Tips to Maintain a Consistent Author Brand

“Personal brands have become anvils on which great businesses are forged”
Bernard Kelvin Clive

Sometimes it is easy to get locked into a narrow view of what your brand means and who your audience is. With this article, we hope we can expand your vision as we look at how to maintain a consistent brand across multiple platforms from around the world.

Word of mouth has always been the best form of advertisement, and today word of mouth travels farther than ever before. Thanks to social media and other online platforms your brand can advertise anywhere from across the street to across the world. How do you harness the power of this advertisement strategy? By building a brand people can recognize and trust. And that is easier than you might think.

Thanks to social media and other online platforms your brand can advertise anywhere from across… Click To Tweet

What Are Branding Elements?

brandBranding elements are the aspect of your identity and marketing that will make you stand out from your competitors. Elements include your product’s identity, image, personality and more. In this case, the product is YOU. I know what you’re thinking, “No, Amanda, my product is my book. Duh.” Negative, Grasshopper. When you are marketing and networking you are selling YOURSELF. I realize that sounds… questionable, but hear me out. Can you name every single Stephen King book? Ok, maybe you can show off. But, not everyone can. I bet you would be hard pressed to find a person who didn’t know who Stephen King is. We know him. We know his voice, his style, his story. Erm, stories.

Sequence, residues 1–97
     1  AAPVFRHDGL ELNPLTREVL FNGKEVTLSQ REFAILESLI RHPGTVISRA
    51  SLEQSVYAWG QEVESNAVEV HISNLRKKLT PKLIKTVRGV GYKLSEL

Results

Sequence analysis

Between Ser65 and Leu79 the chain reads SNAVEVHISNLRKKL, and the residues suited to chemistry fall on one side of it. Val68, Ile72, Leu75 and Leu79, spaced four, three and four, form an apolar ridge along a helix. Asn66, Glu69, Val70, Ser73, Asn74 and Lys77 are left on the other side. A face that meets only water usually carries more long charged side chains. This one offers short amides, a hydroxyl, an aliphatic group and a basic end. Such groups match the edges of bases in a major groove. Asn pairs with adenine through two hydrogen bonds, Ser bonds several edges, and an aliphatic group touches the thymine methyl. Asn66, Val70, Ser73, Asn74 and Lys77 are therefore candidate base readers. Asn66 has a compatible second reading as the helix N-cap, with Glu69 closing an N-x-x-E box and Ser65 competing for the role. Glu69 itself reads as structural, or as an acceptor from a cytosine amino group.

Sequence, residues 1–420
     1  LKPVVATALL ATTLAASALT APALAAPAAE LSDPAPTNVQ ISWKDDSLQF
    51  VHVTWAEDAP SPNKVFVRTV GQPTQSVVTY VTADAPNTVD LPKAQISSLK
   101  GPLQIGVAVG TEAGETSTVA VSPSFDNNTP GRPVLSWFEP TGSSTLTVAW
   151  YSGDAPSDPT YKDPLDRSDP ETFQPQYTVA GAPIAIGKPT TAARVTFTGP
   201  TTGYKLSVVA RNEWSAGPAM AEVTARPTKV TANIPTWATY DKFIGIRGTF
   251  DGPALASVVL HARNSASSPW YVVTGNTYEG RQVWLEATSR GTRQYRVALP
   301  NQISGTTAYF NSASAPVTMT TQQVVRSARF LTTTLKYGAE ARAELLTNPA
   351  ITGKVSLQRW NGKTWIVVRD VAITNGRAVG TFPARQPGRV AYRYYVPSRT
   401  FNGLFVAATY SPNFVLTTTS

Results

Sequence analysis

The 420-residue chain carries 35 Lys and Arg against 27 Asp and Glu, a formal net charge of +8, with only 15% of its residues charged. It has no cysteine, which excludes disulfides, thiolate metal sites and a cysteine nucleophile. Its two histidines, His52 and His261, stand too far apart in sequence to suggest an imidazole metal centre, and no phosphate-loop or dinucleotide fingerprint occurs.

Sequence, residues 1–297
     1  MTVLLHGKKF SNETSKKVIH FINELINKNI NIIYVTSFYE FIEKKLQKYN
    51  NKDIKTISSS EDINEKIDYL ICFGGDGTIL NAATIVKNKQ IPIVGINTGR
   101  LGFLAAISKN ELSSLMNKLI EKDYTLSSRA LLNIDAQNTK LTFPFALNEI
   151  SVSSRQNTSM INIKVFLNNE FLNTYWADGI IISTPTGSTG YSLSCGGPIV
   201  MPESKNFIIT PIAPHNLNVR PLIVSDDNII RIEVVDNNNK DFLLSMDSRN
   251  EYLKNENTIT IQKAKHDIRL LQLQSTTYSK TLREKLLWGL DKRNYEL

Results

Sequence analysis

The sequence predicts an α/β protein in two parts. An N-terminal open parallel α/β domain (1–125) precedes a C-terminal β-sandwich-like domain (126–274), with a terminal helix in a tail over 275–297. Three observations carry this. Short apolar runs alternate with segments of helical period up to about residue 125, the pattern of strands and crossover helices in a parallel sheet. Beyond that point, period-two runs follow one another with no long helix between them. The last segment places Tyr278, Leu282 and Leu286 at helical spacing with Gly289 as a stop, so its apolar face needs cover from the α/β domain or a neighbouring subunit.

Brandanew has a fantastic post on the ten main elements of building your branding. No sense in reinventing the wheel, so when you’re done here, go read this. (Seriously, finish this post first…)

What Are the Branding Basics?

1. Colors: When someone comes across a company, the colors are the first thing they notice. Studies have shown colors do often influence consumer decisions. Choose complimentary colors to use consistently with your logo, websites, profile images and any other area consumers can “see” you. Color choices should complement the statement you are making as a brand. Not sure what colors to use? Check out this great chart on what colors say about your business.

brand2. Logo: In some cases, your logo may become the most recognizable aspect of your company. It becomes your calling card, so to speak. Your logo options include image-based or text-based (think Coca-Cola or Kellogg’s) or strategically chosen colors. Whichever you choose, it should speak to your consumer and create a connection with them. Your logo will be used across platforms as a profile picture or as part of your cover art on different profiles. Like the colors, it should be used consistently.

3. Voice: Maintaining a consistent brand voice is an important aspect of building consumer trust. Through articles, posts, and updates your business will form a personality that becomes recognizable. A recent article from Clearvoice explains how we can adjust our voice across different platforms while still keeping it true to our business.

Do I Really Need to Brand?

According to an article in Bizcommunity, your brand is your identity, and your identity is a promise to your customers. Author A.L. Mabry shows her audience that she takes writing seriously while promising to take them on fantastical adventures. What promise are you selling?

The Business of Writing Fantasy

I went into writing with the mentality of, “this is going to be a fun way to spend my free time.” Then, when I started having kids, it eventually turned into, “this is going to be my way of keeping my sanity.”

Now, with my kids growing and a new desire to be at home with them rather than out in work force, my mentality towards writing has turned into, “how can I make money through this?” I almost want to punch myself in the face for making it a business. I always hated that way of thinking, but, I suppose I’ve just come to see the reality of life and the struggle in finding happiness.

business of writing fantasyWhy shouldn’t I be making money through something that makes me insanely happy? Something that I have a passion doing? Why should I throw all of my works to the wind if someone else can enjoy what I create?